Ensuring soil health is optimal is key to the success of any farming operation, but in an organic system, where there is no option to use fertilisers to mask poor performance, it is tremendously important. In order to establish the health of your soils, you need to do the following things:
- Determine and understand your soil type
- Use soil analysis to determine soil nutrient status
- Dig a hole!
Determining Your Soil Type
Knowing your soil type and texture is a valuable tool in helping you work out the capability of your farm and the key areas where you will need to focus on to maximise the management of these soils to obtain optimum grass and clover growth. There are two online resources which are available to anyone in Scotland to allow you to find the soil type of your farm. The Map of Scotland can be found at Scotland's Soils - soil maps (environment.gov.scot) or download the app to your phone which will allow you to use your postcode to identify your soil type SoilFinder (hutton.ac.uk)
Using The Soil Map: An Example From Stranraer
Leo Petrucci has recently taken over the farm at Kilrochat Mains. The soil map shows that the main soil type at Kildrochat are Calcareous soils.
As Kildrochat also lies within an NVZ a second map is also available which gives more detail on the soil texture of the farms within these NVZ boundaries. The map below shows the Stranraer Lowlands NVZ and the variety of soil textures which are found across it.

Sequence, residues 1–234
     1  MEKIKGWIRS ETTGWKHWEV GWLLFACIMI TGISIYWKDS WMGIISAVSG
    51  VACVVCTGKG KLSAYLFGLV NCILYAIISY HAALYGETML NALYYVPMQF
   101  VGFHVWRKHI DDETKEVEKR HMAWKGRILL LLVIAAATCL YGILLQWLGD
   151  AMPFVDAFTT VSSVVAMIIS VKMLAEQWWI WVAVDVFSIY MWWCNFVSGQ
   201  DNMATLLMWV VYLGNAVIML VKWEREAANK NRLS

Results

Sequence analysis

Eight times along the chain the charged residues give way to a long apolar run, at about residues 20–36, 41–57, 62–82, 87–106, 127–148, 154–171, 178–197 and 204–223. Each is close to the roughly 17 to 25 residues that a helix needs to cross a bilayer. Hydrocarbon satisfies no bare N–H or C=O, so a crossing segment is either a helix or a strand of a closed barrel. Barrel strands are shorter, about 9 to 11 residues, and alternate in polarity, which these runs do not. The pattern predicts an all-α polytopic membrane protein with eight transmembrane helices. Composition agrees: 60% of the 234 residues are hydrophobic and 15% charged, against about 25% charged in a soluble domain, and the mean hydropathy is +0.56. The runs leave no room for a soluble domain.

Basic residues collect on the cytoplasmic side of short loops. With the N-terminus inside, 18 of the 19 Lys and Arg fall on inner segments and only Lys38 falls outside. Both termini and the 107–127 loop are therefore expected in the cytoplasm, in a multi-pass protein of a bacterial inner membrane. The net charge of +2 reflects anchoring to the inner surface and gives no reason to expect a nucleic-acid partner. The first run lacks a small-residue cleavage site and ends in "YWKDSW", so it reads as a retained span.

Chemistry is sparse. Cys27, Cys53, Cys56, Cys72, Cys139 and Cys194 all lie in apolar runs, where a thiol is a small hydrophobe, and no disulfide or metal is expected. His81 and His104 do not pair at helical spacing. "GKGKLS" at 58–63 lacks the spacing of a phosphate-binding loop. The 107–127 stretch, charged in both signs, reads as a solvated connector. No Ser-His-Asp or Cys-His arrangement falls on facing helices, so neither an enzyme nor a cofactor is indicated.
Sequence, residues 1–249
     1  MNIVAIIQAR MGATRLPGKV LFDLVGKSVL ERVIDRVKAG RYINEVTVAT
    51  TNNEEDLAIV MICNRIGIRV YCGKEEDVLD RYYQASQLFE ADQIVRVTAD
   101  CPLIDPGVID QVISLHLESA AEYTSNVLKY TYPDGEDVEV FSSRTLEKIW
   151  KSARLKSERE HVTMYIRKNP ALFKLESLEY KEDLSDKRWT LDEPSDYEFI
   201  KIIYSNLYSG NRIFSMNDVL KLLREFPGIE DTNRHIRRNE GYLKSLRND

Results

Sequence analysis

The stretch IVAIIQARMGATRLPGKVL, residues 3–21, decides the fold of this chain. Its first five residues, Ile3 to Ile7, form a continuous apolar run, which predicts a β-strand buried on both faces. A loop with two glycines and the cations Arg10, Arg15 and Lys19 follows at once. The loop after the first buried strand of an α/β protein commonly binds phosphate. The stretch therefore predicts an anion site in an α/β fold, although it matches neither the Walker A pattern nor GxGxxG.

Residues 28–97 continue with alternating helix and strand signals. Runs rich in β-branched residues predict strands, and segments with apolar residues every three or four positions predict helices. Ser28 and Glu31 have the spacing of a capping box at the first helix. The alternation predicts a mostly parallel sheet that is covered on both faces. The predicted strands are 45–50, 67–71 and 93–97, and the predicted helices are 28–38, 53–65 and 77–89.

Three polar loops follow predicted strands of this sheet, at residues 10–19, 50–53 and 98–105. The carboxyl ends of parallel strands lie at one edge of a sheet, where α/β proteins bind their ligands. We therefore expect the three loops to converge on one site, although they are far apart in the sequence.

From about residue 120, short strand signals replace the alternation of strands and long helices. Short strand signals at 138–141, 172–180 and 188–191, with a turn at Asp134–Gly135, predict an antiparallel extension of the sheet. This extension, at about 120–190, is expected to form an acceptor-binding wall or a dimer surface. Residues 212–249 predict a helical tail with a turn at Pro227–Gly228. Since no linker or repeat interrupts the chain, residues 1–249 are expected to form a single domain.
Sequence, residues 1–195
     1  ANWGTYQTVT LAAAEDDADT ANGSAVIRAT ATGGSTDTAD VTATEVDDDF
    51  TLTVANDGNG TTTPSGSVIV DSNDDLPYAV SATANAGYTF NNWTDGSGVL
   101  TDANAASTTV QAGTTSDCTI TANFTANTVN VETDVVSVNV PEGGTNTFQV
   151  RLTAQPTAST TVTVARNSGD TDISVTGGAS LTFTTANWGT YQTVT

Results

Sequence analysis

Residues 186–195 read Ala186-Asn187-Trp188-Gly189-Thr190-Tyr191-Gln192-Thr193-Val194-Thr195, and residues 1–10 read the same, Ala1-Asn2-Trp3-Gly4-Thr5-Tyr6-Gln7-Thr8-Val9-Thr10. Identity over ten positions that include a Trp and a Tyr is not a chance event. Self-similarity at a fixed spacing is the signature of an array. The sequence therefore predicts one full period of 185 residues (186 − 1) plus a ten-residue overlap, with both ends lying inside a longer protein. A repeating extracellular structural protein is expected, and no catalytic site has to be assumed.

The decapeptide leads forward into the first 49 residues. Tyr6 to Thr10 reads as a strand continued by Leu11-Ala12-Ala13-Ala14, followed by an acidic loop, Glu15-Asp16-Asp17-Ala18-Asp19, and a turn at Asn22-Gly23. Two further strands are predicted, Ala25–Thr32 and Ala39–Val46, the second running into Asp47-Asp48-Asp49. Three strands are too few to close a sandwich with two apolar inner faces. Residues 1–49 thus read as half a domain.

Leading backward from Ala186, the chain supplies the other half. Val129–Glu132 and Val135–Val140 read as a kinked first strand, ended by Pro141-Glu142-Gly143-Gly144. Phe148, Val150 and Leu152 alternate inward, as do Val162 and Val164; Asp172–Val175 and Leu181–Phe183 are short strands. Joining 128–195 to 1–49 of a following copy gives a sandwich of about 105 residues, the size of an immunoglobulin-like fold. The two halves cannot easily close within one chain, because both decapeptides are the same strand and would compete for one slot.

All of this reveals that the soil texture at Kildrochat is sandy loam over either sand or gravel. These light soils have a low clay content of less than 18%. They are freely draining and warm up quickly in the spring – making them ideal for growing grass and clover! They are easier to cultivate but can be susceptible to erosion and nutrient leaching. They also have a low organic matter content, which is not as favourable for organic production and will require regular applications of organic manures to boost levels within the soil to ensure nutrients are available for the crops and to assist with water retention in the soil. Lighter, sandy soils benefit from the little and often approach to nutrient application as they do not retain nutrients as well as heavier, clay soils.
Armed with this information, you can better make decisions about your system and identify the potential costs of farming on your particular piece of land.
The Benefits Of Soil Analysis
When Leo Petrucci took over Kildrochat Mains, one of the first tasks he undertook was to have to whole farm soil sampled.
A basic soil analysis typically assesses for pH, Phosphorus, Potassium and Magnesium – different labs may test routinely for other properties such as Calcium, Organic Matter, Sodium and Calcium : Magnesium ratio. A soil analysis is an essential first step in determining the nutrient status of the soil which will play an important part in the diversity and yield of crops which can be grown.
The Importance of pH
The optimum pH for growing grass and clover is 6.3 and 6.5 for arable crops. The results for Kildrochat show that all fields were below the optimum pH, with those at 5.5 and below having a severely negative impact on grass growth. Low pH also limits soil microbial activity, these microbes are essential in all soils as they break down organic matter and recycle nutrients allowing them to be taken up by plants. In an organic system, where all nutrients need to be derived from this system, it is essential that the performance of soil microbial activity is optimised.
The Role of Phosphorus And How To Maintain It